JOBS sign on the U.S. Chamber of Commerce in Washington, D.C.

By Henry Kerali

– The Washington, D.C., unemployment rate dropped to 8.5 percent in the month of October, a 0.2 percent decrease from September. Ward eight continues to have the highest unemployment rate out of the District’s eight wards coming in with a rate of 21 percent. Meanwhile, ward three has the lowest unemployment rate at 2.1 percent.

In a report from the Department of Employment Services (DOES), preliminary numbers for the month of October show there was an increase of 4,100 jobs in the area bringing the overall total to 738,600 jobs. While the private sector gained 4,800 jobs, the public sector payroll fell by 700 jobs.

D.C. Unemployment Rate for October 2012

D.C. Unemployment Rate for October 2012. (Graphic by Henry Kerali)

– Meanwhile, DOES also confirmed that the American Job Center – Southwest has been relocated from its original location of 4100 South Capitol Street, NW, to 3720 Martin Luther King Avenue, SE. As well as providing services such as workforce development and resume workshops, the new job center will also offer unemployment compensation assistance.

– Furthermore, DOES and the District of Columbia Public Schools (DCPS) are combining forces to create the Re-Employment, Training and Assistance Program (RETAP). The program has been setup to aide former DCPS employees in their efforts to find new jobs. This takes place in light of recent events that saw many employees lose their jobs as DCPS made cutbacks to the workforce.

– Lastly, thirty-three unemployed veterans were hired during the Veterans Path2Work event at Gallaudet University on Nov.5. The event, part of the ‘One City, One Hire’ initiative, which seeks to get the District’s unemployed back to work, had more than 100 veterans in attendance. DOES director Lisa Maria Mallory expressed her delight in the turnout:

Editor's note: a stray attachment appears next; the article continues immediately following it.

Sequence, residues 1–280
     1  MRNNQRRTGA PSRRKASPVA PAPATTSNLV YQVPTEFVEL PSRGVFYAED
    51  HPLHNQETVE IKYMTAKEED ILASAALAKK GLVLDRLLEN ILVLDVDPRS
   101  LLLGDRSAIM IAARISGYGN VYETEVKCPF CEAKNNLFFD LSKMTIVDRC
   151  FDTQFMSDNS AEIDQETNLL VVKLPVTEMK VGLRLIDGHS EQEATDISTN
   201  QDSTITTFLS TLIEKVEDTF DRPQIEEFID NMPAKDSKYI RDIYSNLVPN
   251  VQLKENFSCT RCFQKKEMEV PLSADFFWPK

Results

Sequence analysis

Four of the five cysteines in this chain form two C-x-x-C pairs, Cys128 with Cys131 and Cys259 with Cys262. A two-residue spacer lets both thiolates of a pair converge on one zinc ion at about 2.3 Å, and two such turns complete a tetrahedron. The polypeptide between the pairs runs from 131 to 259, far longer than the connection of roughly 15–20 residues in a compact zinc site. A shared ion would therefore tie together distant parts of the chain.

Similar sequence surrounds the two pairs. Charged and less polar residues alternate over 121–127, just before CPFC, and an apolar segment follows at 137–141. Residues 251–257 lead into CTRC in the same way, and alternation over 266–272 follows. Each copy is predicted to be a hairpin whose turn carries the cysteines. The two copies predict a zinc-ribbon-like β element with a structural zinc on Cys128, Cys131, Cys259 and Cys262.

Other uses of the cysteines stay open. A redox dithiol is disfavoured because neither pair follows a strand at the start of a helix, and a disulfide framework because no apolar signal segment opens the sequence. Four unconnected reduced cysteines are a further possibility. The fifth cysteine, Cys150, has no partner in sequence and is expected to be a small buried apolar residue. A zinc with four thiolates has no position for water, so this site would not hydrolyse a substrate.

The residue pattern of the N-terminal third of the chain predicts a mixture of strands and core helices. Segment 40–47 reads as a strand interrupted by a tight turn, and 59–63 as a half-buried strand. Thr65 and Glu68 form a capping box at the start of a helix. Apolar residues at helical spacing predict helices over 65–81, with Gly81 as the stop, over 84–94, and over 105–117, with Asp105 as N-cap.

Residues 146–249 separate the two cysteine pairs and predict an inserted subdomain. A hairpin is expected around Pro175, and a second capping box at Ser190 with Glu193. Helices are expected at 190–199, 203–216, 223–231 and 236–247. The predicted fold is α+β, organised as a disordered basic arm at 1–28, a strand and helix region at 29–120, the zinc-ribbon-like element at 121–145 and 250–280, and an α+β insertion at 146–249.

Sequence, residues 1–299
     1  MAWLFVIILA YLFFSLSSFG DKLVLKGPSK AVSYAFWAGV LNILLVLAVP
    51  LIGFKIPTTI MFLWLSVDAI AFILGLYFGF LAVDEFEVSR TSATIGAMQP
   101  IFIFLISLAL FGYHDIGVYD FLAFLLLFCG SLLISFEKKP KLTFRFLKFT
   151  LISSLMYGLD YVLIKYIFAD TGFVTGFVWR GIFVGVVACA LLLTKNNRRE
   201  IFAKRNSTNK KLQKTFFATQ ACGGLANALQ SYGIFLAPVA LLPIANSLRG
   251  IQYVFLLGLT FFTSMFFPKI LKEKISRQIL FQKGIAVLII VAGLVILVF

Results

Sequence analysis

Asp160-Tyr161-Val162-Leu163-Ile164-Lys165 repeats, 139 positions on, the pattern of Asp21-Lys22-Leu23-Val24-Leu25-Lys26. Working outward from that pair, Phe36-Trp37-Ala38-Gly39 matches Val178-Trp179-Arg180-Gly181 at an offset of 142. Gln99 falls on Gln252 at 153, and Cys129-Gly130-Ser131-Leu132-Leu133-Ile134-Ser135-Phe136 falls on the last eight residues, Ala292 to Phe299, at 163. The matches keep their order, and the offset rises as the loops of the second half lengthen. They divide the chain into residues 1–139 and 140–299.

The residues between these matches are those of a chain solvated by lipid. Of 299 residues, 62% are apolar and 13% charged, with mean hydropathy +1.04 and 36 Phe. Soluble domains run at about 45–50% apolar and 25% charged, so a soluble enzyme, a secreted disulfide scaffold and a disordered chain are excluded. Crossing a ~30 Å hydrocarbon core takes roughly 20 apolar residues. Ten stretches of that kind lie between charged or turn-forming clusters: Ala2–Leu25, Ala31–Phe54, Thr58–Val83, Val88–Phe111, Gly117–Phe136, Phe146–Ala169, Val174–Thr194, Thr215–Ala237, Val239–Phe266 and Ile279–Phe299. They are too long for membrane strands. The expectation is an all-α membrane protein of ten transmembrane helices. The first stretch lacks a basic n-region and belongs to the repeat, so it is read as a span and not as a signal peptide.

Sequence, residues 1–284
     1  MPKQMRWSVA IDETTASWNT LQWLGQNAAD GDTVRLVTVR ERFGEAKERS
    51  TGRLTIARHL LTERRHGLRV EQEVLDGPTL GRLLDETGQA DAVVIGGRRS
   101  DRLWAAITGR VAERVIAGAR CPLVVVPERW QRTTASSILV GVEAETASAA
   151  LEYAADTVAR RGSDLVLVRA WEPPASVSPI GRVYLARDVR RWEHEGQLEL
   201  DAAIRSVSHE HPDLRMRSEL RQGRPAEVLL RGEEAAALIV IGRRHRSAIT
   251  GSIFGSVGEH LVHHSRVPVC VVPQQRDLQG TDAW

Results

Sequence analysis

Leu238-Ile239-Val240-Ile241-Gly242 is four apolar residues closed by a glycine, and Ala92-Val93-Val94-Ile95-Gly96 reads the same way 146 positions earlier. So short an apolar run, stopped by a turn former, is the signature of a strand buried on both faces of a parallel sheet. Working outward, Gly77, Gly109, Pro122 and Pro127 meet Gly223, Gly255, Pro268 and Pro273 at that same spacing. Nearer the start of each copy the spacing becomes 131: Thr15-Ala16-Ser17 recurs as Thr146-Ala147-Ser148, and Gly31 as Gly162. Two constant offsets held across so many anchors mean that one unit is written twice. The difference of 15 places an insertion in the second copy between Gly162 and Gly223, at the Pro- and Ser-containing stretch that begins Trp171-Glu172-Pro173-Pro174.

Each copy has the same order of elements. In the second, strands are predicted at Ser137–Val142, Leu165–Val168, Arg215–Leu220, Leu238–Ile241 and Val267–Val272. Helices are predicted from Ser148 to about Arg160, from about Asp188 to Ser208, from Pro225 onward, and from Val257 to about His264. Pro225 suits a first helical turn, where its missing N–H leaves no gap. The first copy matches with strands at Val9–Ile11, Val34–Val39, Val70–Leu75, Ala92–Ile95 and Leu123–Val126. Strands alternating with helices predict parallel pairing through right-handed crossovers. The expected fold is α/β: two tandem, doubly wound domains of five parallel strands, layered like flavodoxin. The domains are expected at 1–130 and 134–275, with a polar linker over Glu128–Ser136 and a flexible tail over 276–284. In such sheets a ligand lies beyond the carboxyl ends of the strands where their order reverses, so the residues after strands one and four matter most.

I am pleased with the outcome of Veterans Path2Work. I cannot think of a better way to honor our Veterans than by helping them to transition back into the workforce and assisting them with finding sustainable employment.

That’s it for this month’s round-up! Stay tuned later this week as D.C. Work Rate looks into how the looming ‘fiscal cliff’ could impact the District’s local economy.

(This photo was taken by vpickering, via Flickr, using a Creative Commons license.)

The Working Poor

Posted: November 24, 2012 in Homelessness
Tags: ,
Tyrone Murray on the corner of Wisconsin Avenue, Tenlytown. (Photo by Henry Kerali)

Tyrone Murray on the corner of Wisconsin Avenue, Tenlytown. (Photo by Henry Kerali)

By Henry Kerali

Since the start of the ‘Great Recession’, the homeless population has increased significantly. In a recent study by the Metropolitan Washington Council, 6,954 people in the District of Columbia are homeless. This is a six percent increase from 2011 where there were 6,546 people living without homes.

Despite the District’s falling unemployment rate, homelessness in the region continues to be an endemic problem. Of the 6,954 people who are homeless, 16 percent of single adults are gainfully employed. Tyrone Murray, 54, is a ‘Street Sense’ vendor, who works on the corner of Wisconsin Avenue and River Road in Tenlytown. ‘Street Sense’ is a newspaper written and distributed by the homeless. Murray represents a class of what’s known as the working poor.

For more about the ‘Street Sense’ vendor, click on the feature below. D.C. Work Rate’s Henry Kerali depicts a typical day in the life of Tyrone Murray.

Job fair in Washington, D.C. (Photo by Henry Kerali)

By Henry Kerali